by Miriam van der Molen, Project Archivist
As somebody who learned Irish in school in the nineties and noughties, I never came across the old Gaelic script used for writing
Irish, except on the odd sign on a pub or a telephone box. I began working on a collection of mainly manuscript material, created by Peadar Ó Laoghaire from the late nineteenth to the early twentieth century. An interesting thing about this collection is the fact that Ó Laoghaire writes everything in Irish in the Gaelic script. The script looks very decorative and is almost like a form of calligraphy.
There is surprisingly little information about the history of the Gaelic script online. While both the Gaelic and Roman scripts were used for Irish after the use of the Ogham alphabet ceased, it appears to have been mainly the Gaelic one used until the general era of 1950s–1960s, when the government decided to use the Roman script exclusively in school textbooks. As a result, few people today use the Gaelic script.
Peadar Ó Laoghaire always wrote Irish in the Gaelic script. The collection at Maynooth University Library also material by Ó Laoghaire that was printed in newspapers. Here, again, is the Gaelic typeface used, as distinct from the Roman one. Both the typeface and the handwritten script have a more rounded look than the Roman script used for Irish, and many other languages, today.
I already knew about the change in the spelling conventions of Irish before embarking on cataloguing the Peadar Ó Laoghaire collection. This happened in the 1940s, and to some extent before that, in order to shorten the length of Irish words which had many silent letters. What I did not know about was the experiment to simplify the spelling of the Irish language early in the twentieth century in another way, basing it on the phonetics of the language. This was known as ‘Letiriú shímplí’, and was instigated by Shán Ó Cuív with Osborn Bergin and Father Richard O’Daly. There was even a Cuman um Letiriú Shímplí (Society for the Simplification of [Irish] Spelling) set up. While Ó Laoghaire initially opposed a simplification of spelling, he appears to have changed his mind quite soon. While the Letiriú Shímplí was used by some newspapers, such as ‘Glór na Ly’ and ‘Sinn Féin’ and in some books and pamphlets, it did not survive for very long.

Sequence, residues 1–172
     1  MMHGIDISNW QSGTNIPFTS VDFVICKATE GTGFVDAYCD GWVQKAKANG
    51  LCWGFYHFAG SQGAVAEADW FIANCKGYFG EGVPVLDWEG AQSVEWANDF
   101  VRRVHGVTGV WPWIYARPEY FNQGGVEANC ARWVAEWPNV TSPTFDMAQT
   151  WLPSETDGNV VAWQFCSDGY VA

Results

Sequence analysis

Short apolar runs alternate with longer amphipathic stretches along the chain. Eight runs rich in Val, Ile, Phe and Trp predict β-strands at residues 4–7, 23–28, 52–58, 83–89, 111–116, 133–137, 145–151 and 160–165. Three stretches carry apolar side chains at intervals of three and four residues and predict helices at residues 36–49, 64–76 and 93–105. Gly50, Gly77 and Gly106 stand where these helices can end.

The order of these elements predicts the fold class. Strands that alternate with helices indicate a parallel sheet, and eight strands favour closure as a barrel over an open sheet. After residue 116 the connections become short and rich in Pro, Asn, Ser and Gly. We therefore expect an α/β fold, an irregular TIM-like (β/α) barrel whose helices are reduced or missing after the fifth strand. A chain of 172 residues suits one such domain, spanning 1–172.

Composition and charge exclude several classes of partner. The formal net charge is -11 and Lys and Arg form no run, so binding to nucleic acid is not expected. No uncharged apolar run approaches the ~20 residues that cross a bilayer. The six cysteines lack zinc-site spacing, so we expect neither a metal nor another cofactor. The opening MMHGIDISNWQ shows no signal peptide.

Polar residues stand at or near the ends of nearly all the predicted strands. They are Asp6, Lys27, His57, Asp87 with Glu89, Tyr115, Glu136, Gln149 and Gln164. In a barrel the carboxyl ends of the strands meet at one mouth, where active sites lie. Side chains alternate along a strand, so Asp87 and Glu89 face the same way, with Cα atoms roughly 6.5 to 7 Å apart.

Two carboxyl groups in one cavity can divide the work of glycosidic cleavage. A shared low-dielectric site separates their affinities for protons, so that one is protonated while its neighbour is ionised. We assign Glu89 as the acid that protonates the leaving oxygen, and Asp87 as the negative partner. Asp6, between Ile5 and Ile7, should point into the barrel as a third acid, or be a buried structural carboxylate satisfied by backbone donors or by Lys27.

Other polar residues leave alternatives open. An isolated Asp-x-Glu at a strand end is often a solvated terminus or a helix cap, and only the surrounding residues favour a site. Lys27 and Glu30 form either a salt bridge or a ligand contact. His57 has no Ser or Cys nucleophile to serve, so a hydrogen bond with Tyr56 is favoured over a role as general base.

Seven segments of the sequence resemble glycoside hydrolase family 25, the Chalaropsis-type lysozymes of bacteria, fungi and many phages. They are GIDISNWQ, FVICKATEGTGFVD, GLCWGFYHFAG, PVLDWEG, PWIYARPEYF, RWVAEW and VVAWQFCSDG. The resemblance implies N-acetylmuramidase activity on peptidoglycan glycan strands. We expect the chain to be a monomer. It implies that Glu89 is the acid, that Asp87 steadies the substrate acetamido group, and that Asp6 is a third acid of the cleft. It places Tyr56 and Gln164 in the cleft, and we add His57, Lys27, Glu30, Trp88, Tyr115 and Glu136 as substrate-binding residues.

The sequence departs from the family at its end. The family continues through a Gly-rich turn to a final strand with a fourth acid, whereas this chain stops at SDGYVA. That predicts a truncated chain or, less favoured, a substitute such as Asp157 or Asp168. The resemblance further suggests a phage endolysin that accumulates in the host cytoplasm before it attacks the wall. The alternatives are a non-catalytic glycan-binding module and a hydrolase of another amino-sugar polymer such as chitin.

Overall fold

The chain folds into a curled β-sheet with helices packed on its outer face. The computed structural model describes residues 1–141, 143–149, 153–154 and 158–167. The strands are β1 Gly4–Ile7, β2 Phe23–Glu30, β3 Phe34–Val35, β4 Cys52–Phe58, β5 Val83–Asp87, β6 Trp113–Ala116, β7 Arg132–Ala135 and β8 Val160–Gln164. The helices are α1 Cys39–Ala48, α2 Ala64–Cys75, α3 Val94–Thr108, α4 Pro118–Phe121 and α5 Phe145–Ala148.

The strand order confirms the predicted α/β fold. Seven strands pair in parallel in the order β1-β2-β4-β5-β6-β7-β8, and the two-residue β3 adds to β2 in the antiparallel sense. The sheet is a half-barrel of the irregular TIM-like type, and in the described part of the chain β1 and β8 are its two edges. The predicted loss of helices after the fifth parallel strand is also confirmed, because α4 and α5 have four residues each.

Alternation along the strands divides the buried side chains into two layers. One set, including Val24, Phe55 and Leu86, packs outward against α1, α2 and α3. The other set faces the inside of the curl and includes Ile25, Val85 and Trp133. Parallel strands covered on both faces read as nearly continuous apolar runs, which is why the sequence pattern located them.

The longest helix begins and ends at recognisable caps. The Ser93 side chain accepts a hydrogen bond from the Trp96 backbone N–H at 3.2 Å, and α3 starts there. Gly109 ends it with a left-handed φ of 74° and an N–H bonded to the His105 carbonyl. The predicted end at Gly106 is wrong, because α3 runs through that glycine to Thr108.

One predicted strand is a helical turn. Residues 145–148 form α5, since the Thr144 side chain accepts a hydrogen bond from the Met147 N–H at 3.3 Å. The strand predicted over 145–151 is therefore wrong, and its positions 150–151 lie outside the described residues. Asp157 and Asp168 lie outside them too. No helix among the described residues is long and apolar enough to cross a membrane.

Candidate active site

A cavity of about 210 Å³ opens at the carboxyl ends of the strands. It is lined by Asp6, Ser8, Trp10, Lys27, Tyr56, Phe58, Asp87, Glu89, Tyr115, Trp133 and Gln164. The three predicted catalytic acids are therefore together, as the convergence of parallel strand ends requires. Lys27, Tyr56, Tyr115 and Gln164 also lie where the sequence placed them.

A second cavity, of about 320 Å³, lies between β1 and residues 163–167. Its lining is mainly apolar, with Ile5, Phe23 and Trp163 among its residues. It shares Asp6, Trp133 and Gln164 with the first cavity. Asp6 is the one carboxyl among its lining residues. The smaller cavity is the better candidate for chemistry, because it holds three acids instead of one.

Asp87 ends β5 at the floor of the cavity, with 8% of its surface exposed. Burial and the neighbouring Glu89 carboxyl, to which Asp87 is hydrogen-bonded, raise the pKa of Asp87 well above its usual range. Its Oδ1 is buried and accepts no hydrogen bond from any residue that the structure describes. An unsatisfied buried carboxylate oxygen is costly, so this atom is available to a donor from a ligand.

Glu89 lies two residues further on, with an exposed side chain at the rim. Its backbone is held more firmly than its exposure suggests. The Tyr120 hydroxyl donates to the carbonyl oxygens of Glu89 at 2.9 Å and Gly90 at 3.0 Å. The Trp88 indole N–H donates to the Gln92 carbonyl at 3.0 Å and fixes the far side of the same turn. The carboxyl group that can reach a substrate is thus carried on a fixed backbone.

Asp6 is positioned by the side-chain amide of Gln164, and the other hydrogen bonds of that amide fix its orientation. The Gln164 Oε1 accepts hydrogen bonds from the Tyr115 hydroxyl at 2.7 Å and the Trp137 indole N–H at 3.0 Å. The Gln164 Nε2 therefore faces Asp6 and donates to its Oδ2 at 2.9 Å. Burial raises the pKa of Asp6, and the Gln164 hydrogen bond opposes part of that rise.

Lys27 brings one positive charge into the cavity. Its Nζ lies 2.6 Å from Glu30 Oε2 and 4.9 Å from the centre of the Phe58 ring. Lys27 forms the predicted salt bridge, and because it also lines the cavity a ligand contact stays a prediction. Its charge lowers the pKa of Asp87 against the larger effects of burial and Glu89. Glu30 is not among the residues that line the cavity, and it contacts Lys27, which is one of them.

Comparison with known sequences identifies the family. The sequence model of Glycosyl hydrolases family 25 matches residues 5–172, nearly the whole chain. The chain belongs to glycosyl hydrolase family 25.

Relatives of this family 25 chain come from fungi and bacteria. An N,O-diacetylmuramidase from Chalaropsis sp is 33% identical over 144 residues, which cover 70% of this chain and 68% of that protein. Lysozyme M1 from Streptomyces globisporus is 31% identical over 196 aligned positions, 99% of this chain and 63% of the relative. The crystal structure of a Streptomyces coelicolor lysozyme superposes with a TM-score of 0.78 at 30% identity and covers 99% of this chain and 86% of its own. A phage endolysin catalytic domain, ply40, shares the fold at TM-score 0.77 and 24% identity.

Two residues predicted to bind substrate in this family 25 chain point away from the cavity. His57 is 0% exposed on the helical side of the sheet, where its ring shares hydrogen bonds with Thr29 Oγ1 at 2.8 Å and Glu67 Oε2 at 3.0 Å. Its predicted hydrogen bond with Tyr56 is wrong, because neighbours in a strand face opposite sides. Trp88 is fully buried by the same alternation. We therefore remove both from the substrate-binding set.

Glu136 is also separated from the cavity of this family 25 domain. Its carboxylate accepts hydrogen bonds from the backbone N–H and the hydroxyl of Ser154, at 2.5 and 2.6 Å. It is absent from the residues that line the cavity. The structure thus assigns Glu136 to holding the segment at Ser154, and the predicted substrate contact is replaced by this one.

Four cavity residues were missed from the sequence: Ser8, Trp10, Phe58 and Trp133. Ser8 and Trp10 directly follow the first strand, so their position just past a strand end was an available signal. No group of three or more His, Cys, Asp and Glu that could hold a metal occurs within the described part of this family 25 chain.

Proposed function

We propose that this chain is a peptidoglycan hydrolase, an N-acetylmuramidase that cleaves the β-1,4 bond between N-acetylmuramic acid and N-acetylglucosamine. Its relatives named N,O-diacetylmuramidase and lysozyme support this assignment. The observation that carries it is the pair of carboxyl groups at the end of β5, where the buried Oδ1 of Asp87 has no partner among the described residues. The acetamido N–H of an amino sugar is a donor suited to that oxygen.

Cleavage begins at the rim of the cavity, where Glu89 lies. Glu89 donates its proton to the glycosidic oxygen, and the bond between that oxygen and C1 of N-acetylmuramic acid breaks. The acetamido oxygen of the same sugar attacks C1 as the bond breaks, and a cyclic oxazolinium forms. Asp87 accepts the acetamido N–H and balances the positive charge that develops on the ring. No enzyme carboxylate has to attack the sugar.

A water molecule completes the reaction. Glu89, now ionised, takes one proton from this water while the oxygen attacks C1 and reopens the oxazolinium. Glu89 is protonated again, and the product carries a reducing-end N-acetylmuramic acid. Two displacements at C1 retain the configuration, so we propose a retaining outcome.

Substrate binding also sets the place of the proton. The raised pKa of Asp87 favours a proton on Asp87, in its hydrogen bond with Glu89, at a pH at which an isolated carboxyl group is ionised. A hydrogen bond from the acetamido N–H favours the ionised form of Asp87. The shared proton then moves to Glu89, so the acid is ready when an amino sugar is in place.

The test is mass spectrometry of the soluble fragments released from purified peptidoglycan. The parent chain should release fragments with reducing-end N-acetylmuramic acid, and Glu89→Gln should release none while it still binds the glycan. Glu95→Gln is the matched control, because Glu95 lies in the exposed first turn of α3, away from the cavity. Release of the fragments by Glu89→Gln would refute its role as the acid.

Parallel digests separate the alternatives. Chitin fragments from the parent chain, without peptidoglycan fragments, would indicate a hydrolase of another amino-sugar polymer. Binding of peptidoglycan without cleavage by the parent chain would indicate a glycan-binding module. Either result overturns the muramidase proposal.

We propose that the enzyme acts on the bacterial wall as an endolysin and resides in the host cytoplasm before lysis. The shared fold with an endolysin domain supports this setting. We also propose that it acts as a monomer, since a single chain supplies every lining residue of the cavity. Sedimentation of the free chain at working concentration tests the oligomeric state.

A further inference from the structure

When I initially saw the simplified spelling Ó Laoghaire had used for some of his publications, I was very confused! It is a spelling which does not quite look like Irish when first glanced at, not least because of the many ‘v’s employed for which Irish normally uses ‘bh’ or ‘mh’, a sound which occurs a lot in the language. The spelling is based on modern phonetics of Irish, in Ó Laoghaire’s case specifically the West Cork dialect. The spelling makes most sense when saying the word in your head, or out loud, as otherwise it can initially be a little cryptic!
Peadar Ó Laoghaire produced ‘Letiriú Shímplí’ versions of his Irish translation of ‘Don Quixote’ and of his novel ‘Séadna’. The proofs of the ‘Letiriú Shímplí’ version of ‘Don Quixote’, called ‘Don Chíchóté’, are present in the Peadar Ó Laoghaire archive.
Gaelic Typefaces (Fonts): http://www.scriobh.ie/page.aspx?id=6&l=2 Accessed October 2016.
Irish (Gaeilge): http://www.omniglot.com/writing/irish.htm Accessed October 2016.
Vaughan, W.E. A New History of Ireland: Ireland Under the Union, 1870-1921, Volume VI.
(Oxford: 2010) pp. 428-430.
Niall Murray, ‘Phonetic Irish language newspaper shone briefly’, ‘Irish Examiner’, 1 February 2016: http://www.irishexaminer.com/ireland/phonetic-irish-language-newspaper-shone-briefly-379198.html Accessed September 2016.
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